Author ~ Dorian Dawes
Publisher ~ Manifold Press
Published ~ 1st February 2017
Genre ~ Contemporary Fiction, Supernatural, Horror
Every community has a dark side, a sordid past that's kept to hushed whispers and out of the ears of prying tourists - and Harbinger Island has the darkest shades of them all. Professor Bartleby Prouse is obsessed with the secrets and occult conspiracies surrounding the island's myriad of unsolved murders and mysteries. He'll have to use every bit of magic and cunning at his disposal if he is to protect his students after they unwittingly draw the attention of one of the island's most insidious cults.
A collection of character-driven stories which combine dark fantasy and horror elements within a modern setting. The diverse cast of LGBT+ individuals come from various backgrounds, and the stories examine the prejudices they experience in their day-to-day lives along with the supernatural horrors they face.
How can I describe Harbinger Island? Lovecraft for teens would probably cover it. I’m not sure of the kind of reception it will have among a predominantly romance-reading audience. This is not a romance.
Fortunately, I am a fan of H. P. Lovecraft, having read his work and played “Call of Cthulhu” rpg for many years. Harbinger Island contains all the classic Lovecraft themes, such as mental illness, nihilism, supernatural parents, a sense of hopelessness and helplessness, invasive evil, and a love for icky substances. While other horror writers focus on shadows, gore and violence, Lovecraft, and Dawes, paints beautifully creepy landscapes and situations then saturate them with ichor and sprinkle them with tentacles ( I bet at first read you read that as testicles)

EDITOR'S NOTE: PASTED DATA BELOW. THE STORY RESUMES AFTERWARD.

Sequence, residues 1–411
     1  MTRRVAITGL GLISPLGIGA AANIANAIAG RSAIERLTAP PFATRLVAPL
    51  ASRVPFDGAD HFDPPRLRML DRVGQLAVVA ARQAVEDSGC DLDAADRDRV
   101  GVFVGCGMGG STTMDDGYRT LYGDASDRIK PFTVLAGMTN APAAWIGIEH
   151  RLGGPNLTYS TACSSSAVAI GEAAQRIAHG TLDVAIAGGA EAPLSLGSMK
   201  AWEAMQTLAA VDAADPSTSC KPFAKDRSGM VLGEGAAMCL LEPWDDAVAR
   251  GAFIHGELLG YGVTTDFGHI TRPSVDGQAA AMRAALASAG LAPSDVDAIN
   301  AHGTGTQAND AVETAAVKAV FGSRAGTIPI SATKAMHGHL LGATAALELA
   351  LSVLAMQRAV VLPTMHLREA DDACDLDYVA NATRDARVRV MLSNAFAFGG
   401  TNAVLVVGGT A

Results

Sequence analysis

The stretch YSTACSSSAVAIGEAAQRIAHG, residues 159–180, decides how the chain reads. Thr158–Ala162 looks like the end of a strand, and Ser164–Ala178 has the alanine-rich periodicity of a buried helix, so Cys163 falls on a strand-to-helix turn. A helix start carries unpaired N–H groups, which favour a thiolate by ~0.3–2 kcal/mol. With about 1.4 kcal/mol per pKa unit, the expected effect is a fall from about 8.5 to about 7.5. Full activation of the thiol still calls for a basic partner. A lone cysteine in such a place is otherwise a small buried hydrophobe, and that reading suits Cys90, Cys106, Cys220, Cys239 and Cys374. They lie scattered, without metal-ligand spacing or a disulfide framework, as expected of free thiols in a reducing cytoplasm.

Harbinger Island is one hell of a place – literally. A core group of seven, including among them two trans males, two lesbians, two gay men, four witches, two historians and some absolutely adorable familiars, find themselves within a very short space of time, dragged into a fight against ancient evil. There is also a large supporting cast, goodies and baddies which sometimes gets confusing.
In typical Lovecraft-ian fashion, the body count is high and our young (and not-so-young) heroes and heroines face danger at every turn - from their own parents to deadly cults and an ancient being who wants his boyfriend back. The very soil of the island seems to be oozing black ichor and every building is haunted, especially those out in the country where whole families were murdered or killed themselves. Travelling all over the island and taking on the demons one cult, haunting, familiar at a time our band of brothers are led a merry dance trying to get to the heart of the mystery once and for all.
Purists will hate the head-hopping that goes on – a lot – but for me it makes the story richer and I noticed it because I’m conditioned into it, but once I broke the conditioning and submerged myself into the story I barely noticed.
It’s not all good news, because there were times when I thought “oh not again” when our friends find themselves in danger, or see ghastly images, or stumble across another dead body. There were also times that were slower than I would like. The prologue didn’t really do it for me and I wasn’t sure I’d like the style of writing. I felt at one point that I was wading through the thick, black sludge produced in great quantities in later chapters. However, once the story started to bounce it carried me along at a heart-stopping pace.
There were characters I never warmed to, but others I was rooting for with every shred of my being, terrified at every turn they’d be the next one strung up on wire. At one time or another. I think every one of them had their head on the block.
This was a real sit the edge of the seat, keep your eye on the shadows and trust absolutely no one book. After a slow start, I thoroughly enjoyed it and can recommend it to anyone who has a love for creeping horror, ritualistic murder and things with more tentacles than they’ve any business to have – oh and a damn sexy, green gorgon with scales.
I should warn you that the book ended with a hell of a cliffhanger – kind of. The story arc is complete and the main issues resolved, for now, but there are clear signs that the end is just the beginning, so I’m looking for at least a sequel.
Connect with Dorian Dawes